MozTrap is what's called a "test case management system". Basically, software QA people need a structure and pattern to their testing. What to test, what versions to test on and what hardware/operatting system etc all is part of a "test suite". That's what MozTrap manages.

So this project was built by Mozilla's automation and tools team. It is currently not an actively developed project. Not because it's not needed or used but because it basically maps all the features we need. A large part of the code base was originally written by a personal friend of mine who I respect wholeheartedly; Carl Meyer of Django/pip/virtualenv/etc fame. I'm grateful for the awesome documentation he left behind amongst many other things.

Together with the team we sat down and listed all the biggest pain points as of today. Basically, the number one thing is speed. Pages load too slowly. Normally when web developers worry themselves with web performance it's a matter of shaving milliseconds off a page where a clients perception equals lost or gained profits. Here's not a problem of milliseconds but a problem of seconds. After some quick poking around on the production site and looking at some code the conclusion is simple: The site is so darn slow because the HTML sent from the server is way too MASSIVE. And baked into that is a mixture of the poor web server having to produce a massive HTML blob and it being sent over the wire.

One test run I made said it took 14 seconds to render a certain page.

Why is it so slow?

So how did this happen and why is it not Carl's fault? :) The reason it happened was because of the underestimated number of options added to the advanced filtering drop-downs. On a local dev version you never notice these things because you set up some options, for example tags, and the drop-down never gets larger than 10-20 options. For example, the "Creator" drop-down today has 1,664 different choices.

If you take all those choices and turn thing into a HTML like this: <option value="1">Adam</option>\n<option value="2">Bram</option>... etc. you get 66Kb of just HTML. However, MozTrap doesn't work like that. Instead it uses pretty drop-downs that don't look like regular HTML drop-downs. See for yourself; go to https://moztrap.mozilla.org/results/runs/ and click the "Advanced Filtering" button.
So, that means that the HTML for each option instead looks like this:

<li class="filter-item">
  <input name="filter-creator" data-name="creator" value="1" id="id-filter-creator-1" class="check" type="checkbox">
  <span class="onoff">
    <label for="id-filter-creator-1" class="onoffswitch">Adam</label>
                <span class="pinswitch"></span>
    <span class="content" title="creator: Adam">Adam</span>
  </span>
</li>

Now you get 620Kb of just HTML just for the "Creators" field. Granted, that is the biggest field of all the drop-downs but lots of them are massive.

So, this makes the page weigh a total of about 1.1Mb just for the HTML. Not only is it a lot of work for the (Django) server to generate this but it's also a heck of a lot of data to send across the Internet on every page request.

So what was the solution?

An ideal solution would have been a significant re-write whereby much of the values of the page gets rewritten as later AJAX calls. I.e. load a skeleton that loads superfast, and then load some AJAX in the background. That AJAX could potentially be cached in the browser with localStorage or something so that you get something to show very quickly whilst you wait for the AJAX request to complete. But this would have been too big a change and the way the filtering works on these pages, you actually need all the options in the drop-downs on immediate load because of the way "pinned filters" work.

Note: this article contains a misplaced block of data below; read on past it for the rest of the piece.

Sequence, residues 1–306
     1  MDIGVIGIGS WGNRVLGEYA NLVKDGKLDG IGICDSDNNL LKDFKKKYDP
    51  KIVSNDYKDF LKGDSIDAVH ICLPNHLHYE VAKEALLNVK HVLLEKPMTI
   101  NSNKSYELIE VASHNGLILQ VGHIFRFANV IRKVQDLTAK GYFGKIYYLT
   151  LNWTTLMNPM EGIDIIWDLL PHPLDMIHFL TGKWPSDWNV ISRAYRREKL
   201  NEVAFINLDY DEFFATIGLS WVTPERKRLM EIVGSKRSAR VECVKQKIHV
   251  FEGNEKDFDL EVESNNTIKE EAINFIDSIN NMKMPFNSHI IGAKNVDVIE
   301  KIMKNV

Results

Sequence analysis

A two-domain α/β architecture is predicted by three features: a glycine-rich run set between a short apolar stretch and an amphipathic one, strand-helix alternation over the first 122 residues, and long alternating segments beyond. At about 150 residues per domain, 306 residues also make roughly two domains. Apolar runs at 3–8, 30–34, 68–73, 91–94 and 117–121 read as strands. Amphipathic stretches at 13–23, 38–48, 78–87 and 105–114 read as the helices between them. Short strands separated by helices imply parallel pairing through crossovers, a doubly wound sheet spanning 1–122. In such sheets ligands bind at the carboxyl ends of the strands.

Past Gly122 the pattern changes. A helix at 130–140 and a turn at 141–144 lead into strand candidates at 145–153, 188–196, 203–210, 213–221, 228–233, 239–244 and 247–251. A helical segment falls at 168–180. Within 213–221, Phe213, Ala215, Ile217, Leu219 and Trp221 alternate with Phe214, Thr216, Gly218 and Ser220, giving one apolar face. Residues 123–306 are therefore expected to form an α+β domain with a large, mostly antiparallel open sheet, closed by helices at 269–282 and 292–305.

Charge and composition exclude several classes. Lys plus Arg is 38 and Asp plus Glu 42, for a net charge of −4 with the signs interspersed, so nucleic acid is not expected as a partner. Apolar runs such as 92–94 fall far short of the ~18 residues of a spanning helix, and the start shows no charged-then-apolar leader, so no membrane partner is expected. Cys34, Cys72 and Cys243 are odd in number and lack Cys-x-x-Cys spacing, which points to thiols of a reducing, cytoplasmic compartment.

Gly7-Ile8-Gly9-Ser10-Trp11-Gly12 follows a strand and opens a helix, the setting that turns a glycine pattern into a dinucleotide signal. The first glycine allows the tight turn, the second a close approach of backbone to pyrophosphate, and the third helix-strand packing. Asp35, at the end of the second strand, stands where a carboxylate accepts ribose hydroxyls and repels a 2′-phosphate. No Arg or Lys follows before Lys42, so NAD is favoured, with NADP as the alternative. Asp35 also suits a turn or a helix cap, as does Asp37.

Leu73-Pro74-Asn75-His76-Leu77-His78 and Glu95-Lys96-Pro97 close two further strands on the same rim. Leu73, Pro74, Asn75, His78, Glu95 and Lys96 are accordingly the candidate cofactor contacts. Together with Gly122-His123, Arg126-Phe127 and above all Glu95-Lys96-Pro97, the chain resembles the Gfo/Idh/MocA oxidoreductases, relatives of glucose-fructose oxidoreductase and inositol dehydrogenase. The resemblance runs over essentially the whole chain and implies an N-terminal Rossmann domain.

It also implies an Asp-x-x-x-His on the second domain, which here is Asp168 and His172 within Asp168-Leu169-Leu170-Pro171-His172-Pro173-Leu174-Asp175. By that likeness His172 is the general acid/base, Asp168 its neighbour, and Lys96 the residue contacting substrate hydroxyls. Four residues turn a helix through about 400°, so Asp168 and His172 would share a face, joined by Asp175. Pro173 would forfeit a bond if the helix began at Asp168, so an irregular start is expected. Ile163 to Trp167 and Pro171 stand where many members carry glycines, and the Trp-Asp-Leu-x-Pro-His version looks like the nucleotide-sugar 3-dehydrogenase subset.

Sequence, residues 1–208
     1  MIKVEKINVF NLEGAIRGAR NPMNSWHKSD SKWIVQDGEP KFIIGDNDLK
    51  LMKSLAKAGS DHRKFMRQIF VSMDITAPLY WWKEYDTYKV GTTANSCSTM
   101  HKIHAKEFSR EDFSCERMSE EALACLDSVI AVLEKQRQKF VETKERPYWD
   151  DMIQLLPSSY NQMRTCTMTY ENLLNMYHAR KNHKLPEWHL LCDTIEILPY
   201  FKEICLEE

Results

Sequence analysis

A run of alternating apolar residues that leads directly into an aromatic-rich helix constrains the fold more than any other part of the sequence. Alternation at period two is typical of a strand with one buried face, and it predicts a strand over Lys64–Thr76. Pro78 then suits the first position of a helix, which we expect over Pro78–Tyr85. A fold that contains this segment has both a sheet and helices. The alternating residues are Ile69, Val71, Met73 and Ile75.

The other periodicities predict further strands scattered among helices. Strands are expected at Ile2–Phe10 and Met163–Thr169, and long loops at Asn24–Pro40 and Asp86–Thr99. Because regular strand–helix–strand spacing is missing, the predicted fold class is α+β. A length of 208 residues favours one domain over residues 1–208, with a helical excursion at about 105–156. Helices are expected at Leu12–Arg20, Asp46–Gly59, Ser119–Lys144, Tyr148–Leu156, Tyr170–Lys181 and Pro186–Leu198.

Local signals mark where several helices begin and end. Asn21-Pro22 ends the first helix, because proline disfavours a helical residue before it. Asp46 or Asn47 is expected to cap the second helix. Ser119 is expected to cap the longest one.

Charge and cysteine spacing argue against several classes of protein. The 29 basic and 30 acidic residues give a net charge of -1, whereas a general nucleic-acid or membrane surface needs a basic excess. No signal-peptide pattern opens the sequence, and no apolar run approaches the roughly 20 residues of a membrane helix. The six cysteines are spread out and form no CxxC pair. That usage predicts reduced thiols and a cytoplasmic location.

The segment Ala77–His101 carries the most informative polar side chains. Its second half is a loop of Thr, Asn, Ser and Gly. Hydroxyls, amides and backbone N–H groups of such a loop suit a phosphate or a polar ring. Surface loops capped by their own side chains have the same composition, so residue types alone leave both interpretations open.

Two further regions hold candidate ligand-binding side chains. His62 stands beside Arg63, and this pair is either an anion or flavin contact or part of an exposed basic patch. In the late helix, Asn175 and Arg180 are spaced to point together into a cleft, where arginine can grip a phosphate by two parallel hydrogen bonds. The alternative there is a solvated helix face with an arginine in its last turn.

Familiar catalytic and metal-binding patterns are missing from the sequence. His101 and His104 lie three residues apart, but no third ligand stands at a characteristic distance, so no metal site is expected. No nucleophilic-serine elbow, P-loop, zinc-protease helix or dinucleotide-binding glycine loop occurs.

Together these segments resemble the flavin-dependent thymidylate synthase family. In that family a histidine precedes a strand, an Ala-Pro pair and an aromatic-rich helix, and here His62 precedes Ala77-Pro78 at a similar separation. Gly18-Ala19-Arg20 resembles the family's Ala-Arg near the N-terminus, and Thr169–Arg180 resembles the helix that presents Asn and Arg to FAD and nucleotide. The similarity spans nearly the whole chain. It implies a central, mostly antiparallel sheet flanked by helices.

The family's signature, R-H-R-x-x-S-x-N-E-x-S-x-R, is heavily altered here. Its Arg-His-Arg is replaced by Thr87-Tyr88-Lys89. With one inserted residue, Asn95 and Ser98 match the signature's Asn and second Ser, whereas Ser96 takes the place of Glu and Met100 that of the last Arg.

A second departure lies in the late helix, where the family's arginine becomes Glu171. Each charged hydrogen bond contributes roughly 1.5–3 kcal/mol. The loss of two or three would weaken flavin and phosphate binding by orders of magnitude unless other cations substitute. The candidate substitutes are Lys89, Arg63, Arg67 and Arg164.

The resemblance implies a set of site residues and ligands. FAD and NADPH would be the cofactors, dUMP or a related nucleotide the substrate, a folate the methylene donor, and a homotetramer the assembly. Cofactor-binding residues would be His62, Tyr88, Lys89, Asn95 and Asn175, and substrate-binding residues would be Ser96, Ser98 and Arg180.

So the solution was to replace all the repeated HTML chunks with 1 JSON string and then a piece of Javascript template rendering. So, in the Django template code instead of:

{% for field in filters %}
  {% include "lists/_filter_group.html" with advanced=1 prefix="filter" pinable=1 %}
{% endfor %}

We now replace this with:

<script>
var FILTERS = {% filterset_to_json filters with advanced=1 prefix="filter" pinable=1 %}
</script>
<script id="filter_group" type="text/html">
<section class="filter-group {{ field.cls }}" data-name="{{ field.key }}">
  <h5 class="category-title">
    {{ _field_name_lower }}
    {{# field.switchable }}
    ...

What that basically is is some Mustache code that I use to generate the HTML DOM nodes and insert into the page after load.

In conclusion

So basically nothing changes. Nothing of the Django view had to change. Visually there's no difference and the same actual user data is sent from the server to the client but just packed in a more optimal way.

There are multiple pages where these massive "Advanced Filtering" options exist but on one page I measured the whole page went from weighing 1.1Mb down to 132Kb.

Markus - 04 June 2014 [«« Reply to this]
Did you also consider using gzip/deflate which could shrink the data even more?
Peter Bengtsson - 04 June 2014 [«« Reply to this]
Actually already using that. My optimization was on the HTML before gzip so in all fairness the transmission size difference is actually smaller.
Markus - 04 June 2014 [«« Reply to this]
In case your json-data/html doesn't change that often, you could also think about using ETAGs so data which doesn't change don't needs to be transmitted at all.


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